Former President Donald Trump vigorously defended his wealth and business on Monday, tangling from the witness stand with the judge overseeing his civil fraud trial and denouncing as a “political witch hunt” a lawsuit accusing him of dramatically inflating his net worth.
Mr. Trump’s long-awaited testimony about property valuations and financial statements was punctuated by personal jabs at a judge he said was biased against him and at the New York attorney-general, whom he derided as a “political hack.” He proudly boasted of his real estate business – “I’m worth billions of dollars more than the financial statements” – and disputed claims that he had deceived banks and insurers.
“This is the opposite of fraud,” he declared. Referring to New York Attorney-General Letitia James, a Democrat whose office brought the lawsuit, he said, “The fraud is her.”
The testy exchanges, and frequent rebukes from the judge, underscored Mr. Trump’s unwillingness to adapt his famously freewheeling rhetorical style to a formal courtroom setting governed by rules of evidence and legal protocol. But while his presence on the stand was a vivid reminder of the legal troubles he faces as he vies to reclaim the White House in 2024, it also functioned as a campaign platform for the former president and leading Republican presidential candidate to raise anew to supporters his claims of political persecution at the hands of government lawyers and judges.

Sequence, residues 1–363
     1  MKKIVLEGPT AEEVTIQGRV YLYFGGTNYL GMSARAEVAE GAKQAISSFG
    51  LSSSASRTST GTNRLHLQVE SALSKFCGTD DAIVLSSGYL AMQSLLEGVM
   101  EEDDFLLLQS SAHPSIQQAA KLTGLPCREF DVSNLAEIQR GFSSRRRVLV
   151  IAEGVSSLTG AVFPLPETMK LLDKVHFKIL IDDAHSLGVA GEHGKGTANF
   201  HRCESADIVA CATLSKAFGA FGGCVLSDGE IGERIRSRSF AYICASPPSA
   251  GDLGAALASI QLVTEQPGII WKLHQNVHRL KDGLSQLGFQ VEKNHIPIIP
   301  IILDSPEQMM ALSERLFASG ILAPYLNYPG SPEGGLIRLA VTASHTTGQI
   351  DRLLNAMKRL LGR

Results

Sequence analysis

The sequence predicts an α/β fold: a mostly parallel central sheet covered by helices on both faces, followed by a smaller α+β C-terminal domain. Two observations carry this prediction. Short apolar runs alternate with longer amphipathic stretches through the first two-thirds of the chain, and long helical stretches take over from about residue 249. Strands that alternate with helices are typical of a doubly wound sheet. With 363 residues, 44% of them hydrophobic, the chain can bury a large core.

“People are sick and tired of what’s happening. I think it is a very sad say for America,” Mr. Trump told reporters outside the courtroom after roughly three-and-a-half hours on the stand.
Mr. Trump’s testimony got off to a contentious start Monday, with state Justice Arthur Engoron admonishing him to keep his answers concise and reminding him that “this is not a political rally.”
Turning to Mr. Trump’s attorney at one point, the judge said, “I beseech you to control him if you can. If you can’t, I will.”
The civil trial is one of numerous legal proceedings Mr. Trump is confronting, including federal and state charges accusing him of crimes including illegally hoarding classified documents and scheming to overturn the 2020 presidential election. His legal and political strategies have now become completely intertwined as he hopscotches between campaign events and court hearings, a schedule that will only intensify once his criminal trials begin.
Though the fraud case doesn’t carry the prospect of prison as the criminal prosecutions do, its allegations of financial impropriety cut to the heart of the brand he spent decades crafting. The suggestion that Mr. Trump is worth less than he’s claimed has been interpreted by him as a cutting insult.